Mayor Eric Adams just had a bad week. It wasn’t that anything particularly awful happened last week, fortunately — no subway terror attacks, no mass-casualty fires. It’s that without the constant stimulation of crisis, all the mayor’s worst traits were on display. If he wants to be a successful mayor, he’d better stop using it as a crutch.
Bad trait #1: hiding behind techno-gimmicks. Adams, the mayor who converted his first paycheck this year into cryptocurrency and once displayed a vat of drowned rats to hype a new way of controlling rodents, thinks that unproven tech is going to save the subways.
Last Monday, nearly a week after the Brooklyn attack, Adams repeated his call for subway metal detectors. “I’m excited about the technology that’s associated with keeping people safe,” he said, promising “foolproof” tech. And he put Deputy Mayor for Public Safety Phil Banks in charge of the project.
C’mon. New York’s subways aren’t getting metal detectors — not unless we want to push ridership even lower than it is (just shy of 60% of “normal”). Even the most expensive weapons-detection technology available is cumbersome, requiring an attendant at each pass-through gate. New Yorkers aren’t going to wait in line for 15 minutes to enter a subway station.
Plus, the subways already have an entry-control system — the turnstile. As of late last year, about 8% of “customers” were evading it, either jumping over or walking through the exit gate. How will presumably unarmed attendants keep people from waltzing right through metal detectors?
We don’t need a gimmick to make the subways safe again. Adams’ police need to stop more people from jumping over turnstiles, and they need to stop more people with large, bulky bags for a respectful search — something they have the right to do in the subway system.
Nope, Adams is wielding a gimmick to distract from the fact that in March, according to Metropolitan Transportation Authority figures out last Friday, violent felonies in the subways, at 105, were a whopping third above the level last March (77). They’re 59% above what they were in March 2019 (66).
Also in March, arrests in the transit system were still 29% below what they were three long years ago — and civil summons for farebeating were down 9%.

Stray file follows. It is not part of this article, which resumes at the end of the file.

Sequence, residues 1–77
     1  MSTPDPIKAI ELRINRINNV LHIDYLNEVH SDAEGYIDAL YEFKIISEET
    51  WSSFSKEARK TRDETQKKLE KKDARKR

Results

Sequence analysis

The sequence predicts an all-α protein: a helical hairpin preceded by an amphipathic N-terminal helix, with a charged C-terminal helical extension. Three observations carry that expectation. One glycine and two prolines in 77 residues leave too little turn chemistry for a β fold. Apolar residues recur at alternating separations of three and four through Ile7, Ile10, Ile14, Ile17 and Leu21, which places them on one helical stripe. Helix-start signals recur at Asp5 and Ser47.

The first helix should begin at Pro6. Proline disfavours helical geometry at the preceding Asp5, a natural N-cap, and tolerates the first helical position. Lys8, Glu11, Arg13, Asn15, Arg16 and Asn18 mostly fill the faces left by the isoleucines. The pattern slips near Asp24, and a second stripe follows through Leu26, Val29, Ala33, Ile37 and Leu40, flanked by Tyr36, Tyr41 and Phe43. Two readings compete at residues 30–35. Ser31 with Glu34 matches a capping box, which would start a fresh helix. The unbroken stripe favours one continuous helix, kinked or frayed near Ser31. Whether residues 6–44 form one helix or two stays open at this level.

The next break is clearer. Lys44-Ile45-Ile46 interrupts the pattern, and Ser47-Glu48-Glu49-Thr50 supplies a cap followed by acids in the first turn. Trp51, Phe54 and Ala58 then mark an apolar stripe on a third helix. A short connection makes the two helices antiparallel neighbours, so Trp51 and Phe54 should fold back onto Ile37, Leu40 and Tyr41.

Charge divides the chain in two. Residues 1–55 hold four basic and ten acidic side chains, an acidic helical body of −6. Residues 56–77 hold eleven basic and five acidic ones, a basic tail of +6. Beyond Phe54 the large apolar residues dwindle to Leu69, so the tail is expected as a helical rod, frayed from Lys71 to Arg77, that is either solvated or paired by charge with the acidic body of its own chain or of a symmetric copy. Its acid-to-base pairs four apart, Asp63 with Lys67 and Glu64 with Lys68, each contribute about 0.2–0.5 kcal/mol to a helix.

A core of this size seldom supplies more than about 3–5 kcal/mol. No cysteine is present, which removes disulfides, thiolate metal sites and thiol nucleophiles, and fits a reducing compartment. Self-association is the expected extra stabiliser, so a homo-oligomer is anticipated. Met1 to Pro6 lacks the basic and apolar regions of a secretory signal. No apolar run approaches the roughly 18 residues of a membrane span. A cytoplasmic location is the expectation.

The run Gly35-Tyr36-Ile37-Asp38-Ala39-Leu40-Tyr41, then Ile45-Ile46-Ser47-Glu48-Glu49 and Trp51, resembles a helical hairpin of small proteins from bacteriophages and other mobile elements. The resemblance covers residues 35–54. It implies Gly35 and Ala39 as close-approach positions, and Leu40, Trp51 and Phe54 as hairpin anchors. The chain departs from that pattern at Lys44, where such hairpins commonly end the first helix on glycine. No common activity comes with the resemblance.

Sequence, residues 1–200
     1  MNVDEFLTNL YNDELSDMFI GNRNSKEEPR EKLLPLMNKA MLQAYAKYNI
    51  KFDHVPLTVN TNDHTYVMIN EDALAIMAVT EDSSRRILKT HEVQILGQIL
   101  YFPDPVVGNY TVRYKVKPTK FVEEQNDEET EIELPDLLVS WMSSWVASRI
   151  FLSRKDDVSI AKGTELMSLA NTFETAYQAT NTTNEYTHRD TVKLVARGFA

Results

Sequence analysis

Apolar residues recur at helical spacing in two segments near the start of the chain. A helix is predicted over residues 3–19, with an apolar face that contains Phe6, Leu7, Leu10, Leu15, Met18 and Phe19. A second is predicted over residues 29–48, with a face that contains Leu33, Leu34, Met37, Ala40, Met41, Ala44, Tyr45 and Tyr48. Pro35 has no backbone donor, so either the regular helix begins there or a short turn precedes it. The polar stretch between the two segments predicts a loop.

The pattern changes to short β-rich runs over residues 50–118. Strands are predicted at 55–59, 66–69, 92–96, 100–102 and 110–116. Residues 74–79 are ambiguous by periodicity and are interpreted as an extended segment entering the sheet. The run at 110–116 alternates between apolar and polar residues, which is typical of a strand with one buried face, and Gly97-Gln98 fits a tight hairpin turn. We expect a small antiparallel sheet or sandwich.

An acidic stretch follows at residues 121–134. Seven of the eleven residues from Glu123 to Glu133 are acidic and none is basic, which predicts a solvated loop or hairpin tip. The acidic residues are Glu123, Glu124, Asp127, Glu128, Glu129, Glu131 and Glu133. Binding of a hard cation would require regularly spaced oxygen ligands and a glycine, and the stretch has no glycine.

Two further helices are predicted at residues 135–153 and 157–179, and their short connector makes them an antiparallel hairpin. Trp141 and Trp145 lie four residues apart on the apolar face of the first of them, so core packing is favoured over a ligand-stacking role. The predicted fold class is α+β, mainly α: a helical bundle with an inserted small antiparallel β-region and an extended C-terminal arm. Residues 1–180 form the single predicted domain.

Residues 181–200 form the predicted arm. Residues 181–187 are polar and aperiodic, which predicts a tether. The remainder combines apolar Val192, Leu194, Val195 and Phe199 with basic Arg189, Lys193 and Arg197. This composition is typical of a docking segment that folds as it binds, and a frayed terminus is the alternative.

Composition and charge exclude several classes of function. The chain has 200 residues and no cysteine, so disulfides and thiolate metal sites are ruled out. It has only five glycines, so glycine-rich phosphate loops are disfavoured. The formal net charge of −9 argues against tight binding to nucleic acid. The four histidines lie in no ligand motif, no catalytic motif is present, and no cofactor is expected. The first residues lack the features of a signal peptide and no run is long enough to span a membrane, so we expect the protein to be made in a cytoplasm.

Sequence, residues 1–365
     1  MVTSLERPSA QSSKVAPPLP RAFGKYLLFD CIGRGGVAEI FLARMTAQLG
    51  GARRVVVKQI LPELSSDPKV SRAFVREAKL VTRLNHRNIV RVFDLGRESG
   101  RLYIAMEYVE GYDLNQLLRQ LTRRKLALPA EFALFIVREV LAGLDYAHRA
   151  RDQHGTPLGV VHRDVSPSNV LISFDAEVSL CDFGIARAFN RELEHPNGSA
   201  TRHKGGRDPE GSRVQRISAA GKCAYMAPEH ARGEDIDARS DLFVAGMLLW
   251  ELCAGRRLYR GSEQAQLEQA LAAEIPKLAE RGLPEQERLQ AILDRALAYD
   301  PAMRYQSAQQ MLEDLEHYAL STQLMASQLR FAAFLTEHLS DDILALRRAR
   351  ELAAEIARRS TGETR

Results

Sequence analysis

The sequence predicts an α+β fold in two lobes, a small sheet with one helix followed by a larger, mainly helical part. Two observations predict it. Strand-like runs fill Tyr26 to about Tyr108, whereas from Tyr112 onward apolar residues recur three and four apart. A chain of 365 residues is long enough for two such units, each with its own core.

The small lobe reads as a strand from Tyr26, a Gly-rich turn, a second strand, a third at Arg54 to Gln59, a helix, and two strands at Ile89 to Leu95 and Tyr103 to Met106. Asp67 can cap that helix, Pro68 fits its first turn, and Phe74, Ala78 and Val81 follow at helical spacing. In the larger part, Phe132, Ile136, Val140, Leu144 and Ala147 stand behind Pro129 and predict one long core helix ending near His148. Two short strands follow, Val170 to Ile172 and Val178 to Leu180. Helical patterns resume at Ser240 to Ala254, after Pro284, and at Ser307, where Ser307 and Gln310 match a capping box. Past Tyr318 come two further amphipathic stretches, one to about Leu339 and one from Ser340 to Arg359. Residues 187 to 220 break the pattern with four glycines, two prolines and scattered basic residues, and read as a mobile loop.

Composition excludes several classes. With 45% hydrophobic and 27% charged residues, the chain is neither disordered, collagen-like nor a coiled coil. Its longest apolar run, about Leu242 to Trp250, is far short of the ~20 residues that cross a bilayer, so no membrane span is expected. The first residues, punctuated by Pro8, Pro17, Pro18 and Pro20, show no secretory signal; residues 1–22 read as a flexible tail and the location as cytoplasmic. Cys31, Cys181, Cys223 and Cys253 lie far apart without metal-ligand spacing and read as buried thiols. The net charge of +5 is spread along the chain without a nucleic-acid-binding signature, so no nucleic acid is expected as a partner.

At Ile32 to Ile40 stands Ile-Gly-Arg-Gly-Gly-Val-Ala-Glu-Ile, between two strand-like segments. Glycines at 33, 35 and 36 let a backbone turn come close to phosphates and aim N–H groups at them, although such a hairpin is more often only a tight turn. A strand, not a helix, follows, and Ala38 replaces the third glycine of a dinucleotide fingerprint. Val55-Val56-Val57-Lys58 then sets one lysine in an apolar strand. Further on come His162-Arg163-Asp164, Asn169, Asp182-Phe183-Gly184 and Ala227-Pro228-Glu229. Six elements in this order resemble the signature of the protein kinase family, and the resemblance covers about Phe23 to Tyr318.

As for tasking Phil Banks with finding “foolproof” technology that does not exist?
Banks has a record of accepting gifts from people wanting favors from the city and then lying about it. Putting him in charge of choosing a nonexistent technology for a lucrative city contract is a recipe for corruption.
Onto the second flaw: hiding behind supposed racism. Threatened with a full federal takeover of Rikers Island, Adams implied that such a move would be racist because Rikers inmates, he said, “look like me.”
No, the inmates don’t look like him at all — they’re about 40 years younger than him, to start with.
No one expected Adams to turn the Rikers mess around in four months. What we did expect was that the mayor would choose a competent corrections commissioner, one who would show up to scheduled meetings with the existing federal monitor and wouldn’t name a convicted drunk driver his “confidential assistant.”
Finally, erraticism. Adams was supposed to go to the memorial service for 12-year-old Kade Lewin, killed by a “stray” bullet in Brooklyn. The mayor didn’t show and blamed a meeting that he had already canceled twice.
OK, so cancel it a third time, then. Or did the mayor no longer want to associate himself, four months into his mayoralty, with the bloodshed happening on his watch?
Adams wasn’t shy, though, about hiding behind “babies being shot” when a reporter followed up with a question about why he hadn’t released his taxes.
Come to think of it, why hasn’t he? Adams’ accountant shouldn’t have too hard a time closing the books on the income of a salaried government worker with a pension and a few modest real-estate investments.
Adams still has a lot of public goodwill, his 62% favorable rating shows. To keep it, he should cut out the bad habits.
Nicole Gelinas is a contributing editor to the Manhattan Institute’s City Journal.